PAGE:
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    Parents moving interstate with children – what does the family law say?

    So what happens when one parents wants to move interstate with their children – what does the Family Law Act say?

    Often clients of mine are fearful of the other parent taking off interstate with their child and permanently relocating with them. And rightfully so, I completely understand their anxiety and empathise with the feeling of powerlessness which comes from one parent attempting to make a unilateral decision like that.

    So can they just leave like that? And what can legally be done about it? Well the answer, like a lot of things, is “it depends”. But there are some general points which a lot of people are not necessarily aware of, which can provide some initial comfort.

    Under the Family Law Act parents are presumed to have “equal shared parental responsibility” for a child.

    When making a parenting order, the Federal Circuit Court or Family Court applies the presumption of “equal shared parental responsibility” to a parenting order unless there is a reason the presumption should not apply.

    The reason when the presumption would not apply are where there are issues of one parent committing domestic violence or abuse against the child or another child in the family.

    When parents have equal shared parental responsibility for a child, it means they must consult each other and make a genuine attempt to reach an agreement on “major long term issues” about a child.

    Major long term issues include where the child lives, where the child goes to school, the child’s religion, and health issues.

    So at first instance, a parent seeking to relocate is under an obligation to consult the other parent about relocating. This could occur by mediation. But what happens if the parents consult each other and can’t reach an agreement?

    The Court is obliged by the Family Law Act to decide parenting cases by making an assessment of what is in the best interests of the child.

    One of the primary considerations the Court must take into account is the benefit of the child having a meaningful relationship with both parents. In a lot of cases, one parent relocating interstate will significantly affect the child’s ability to maintain a meaningful relationship with the parent who has been left behind.

    Whether or not a child’s relationship with their parent will be significantly affected by the relocation depends on the circumstances of each case, including things like:

    • the amount of time the child spends with that parent
    • the age of the child
    • the specific needs of the child
    • the nature of the child’s parental bond with that parent
    • the relationship the child can have with the parent both before and after relocation.

    This is by no means an exhaustive list, and there are many other factors a Court can take into account.

    There are also other, perfectly natural reasons why a parent may want to move such as being closer to family support, to secure more beneficial job opportunities, to be close to a new partner, or to alleviate severe mental health issues.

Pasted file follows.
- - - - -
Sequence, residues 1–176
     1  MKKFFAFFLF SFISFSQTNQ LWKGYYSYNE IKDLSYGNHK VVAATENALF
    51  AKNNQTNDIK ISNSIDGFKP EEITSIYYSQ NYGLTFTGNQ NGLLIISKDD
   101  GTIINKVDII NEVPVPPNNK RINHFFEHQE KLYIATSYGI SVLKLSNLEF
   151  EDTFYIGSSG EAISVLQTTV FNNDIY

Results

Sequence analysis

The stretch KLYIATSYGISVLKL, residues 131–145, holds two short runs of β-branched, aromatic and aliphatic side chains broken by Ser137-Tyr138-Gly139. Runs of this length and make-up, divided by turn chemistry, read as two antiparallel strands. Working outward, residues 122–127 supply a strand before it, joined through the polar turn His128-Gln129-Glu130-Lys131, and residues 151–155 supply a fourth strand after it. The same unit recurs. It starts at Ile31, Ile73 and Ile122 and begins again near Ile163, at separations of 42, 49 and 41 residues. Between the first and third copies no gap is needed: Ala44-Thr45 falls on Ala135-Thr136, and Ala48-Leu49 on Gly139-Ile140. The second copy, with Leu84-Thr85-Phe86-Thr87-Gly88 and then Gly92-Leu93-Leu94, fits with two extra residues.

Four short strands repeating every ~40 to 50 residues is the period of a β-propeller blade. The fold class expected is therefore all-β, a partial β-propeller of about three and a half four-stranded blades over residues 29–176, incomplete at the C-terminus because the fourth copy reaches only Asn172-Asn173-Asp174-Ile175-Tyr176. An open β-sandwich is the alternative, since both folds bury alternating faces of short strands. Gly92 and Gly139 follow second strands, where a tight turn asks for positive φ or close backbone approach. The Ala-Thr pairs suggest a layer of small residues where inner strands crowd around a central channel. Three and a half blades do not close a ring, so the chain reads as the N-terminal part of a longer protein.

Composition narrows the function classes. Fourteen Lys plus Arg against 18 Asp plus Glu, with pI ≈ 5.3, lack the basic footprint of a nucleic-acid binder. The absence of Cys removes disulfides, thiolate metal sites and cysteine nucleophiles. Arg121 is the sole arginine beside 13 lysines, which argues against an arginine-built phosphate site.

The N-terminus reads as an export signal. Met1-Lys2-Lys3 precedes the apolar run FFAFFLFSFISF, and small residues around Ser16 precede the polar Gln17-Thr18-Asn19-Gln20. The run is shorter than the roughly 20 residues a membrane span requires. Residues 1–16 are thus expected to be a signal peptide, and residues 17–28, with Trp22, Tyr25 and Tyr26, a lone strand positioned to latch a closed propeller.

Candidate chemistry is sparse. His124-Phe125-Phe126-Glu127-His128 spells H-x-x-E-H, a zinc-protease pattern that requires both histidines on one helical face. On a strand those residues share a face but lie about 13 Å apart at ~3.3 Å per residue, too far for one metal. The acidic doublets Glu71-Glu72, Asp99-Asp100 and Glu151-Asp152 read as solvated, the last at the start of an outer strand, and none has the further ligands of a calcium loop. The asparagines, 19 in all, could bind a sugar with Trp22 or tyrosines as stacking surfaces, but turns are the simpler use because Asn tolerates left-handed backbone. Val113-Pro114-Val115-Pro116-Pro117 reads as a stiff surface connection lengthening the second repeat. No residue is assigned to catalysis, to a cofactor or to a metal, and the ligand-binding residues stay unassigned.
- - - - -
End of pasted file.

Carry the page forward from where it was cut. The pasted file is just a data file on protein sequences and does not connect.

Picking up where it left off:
What about the “worst case” scenario? My ex has run off with the children interstate without my knowledge or consent!

    In this case it is critical to see a lawyer immediately. A lawyer can assist you in making an urgent application to the Federal Circuit Court seeking a Court Order making your ex return with the child. There can be an Order preventing your ex from relocating within a certain distance from your house until the Court decides the case. Failure to take swift action to return a child once a parent has relocated can be interpreted in a negative light by the Court.

    It is also important to seek legal advice in circumstances where for example your ex wants to take your child on a holiday interstate but you have suspicion this is a ruse and in actual fact they intend on staying interstate with the child.

    What should you do if your ex wants to move or relocate with the child/children interstate? Most importantly, do not agree to the relocation or an interstate holiday if you have reason to believe your ex will keep the child/children interstate.

    So what will the Court decide regarding relocation? Well it depends on the circumstances of your particular case, and what the Court considers are in the child’s interests. There are a lot of competing issues which need to be carefully assessed and balanced with this type of matter. Ultimately if parties are unable to agree then the Court needs to make the final decision. It’s important that your case is properly presented so the Judge has all the relevant information before making his/her decision.

    This is a difficult area of family law, and one where it’s important to get proper advice from a lawyer even at an early stage. Contact us at Northside Lawyers if you have any concerns about your children being relocated interstate.

    CAUTION: This article contains general information of public interest only and is not intended to be, nor should be relied upon as, legal advice specific to the reader’s personal circumstances. Should you have a legal matter, please seek professional advice before acting or relying on this content.

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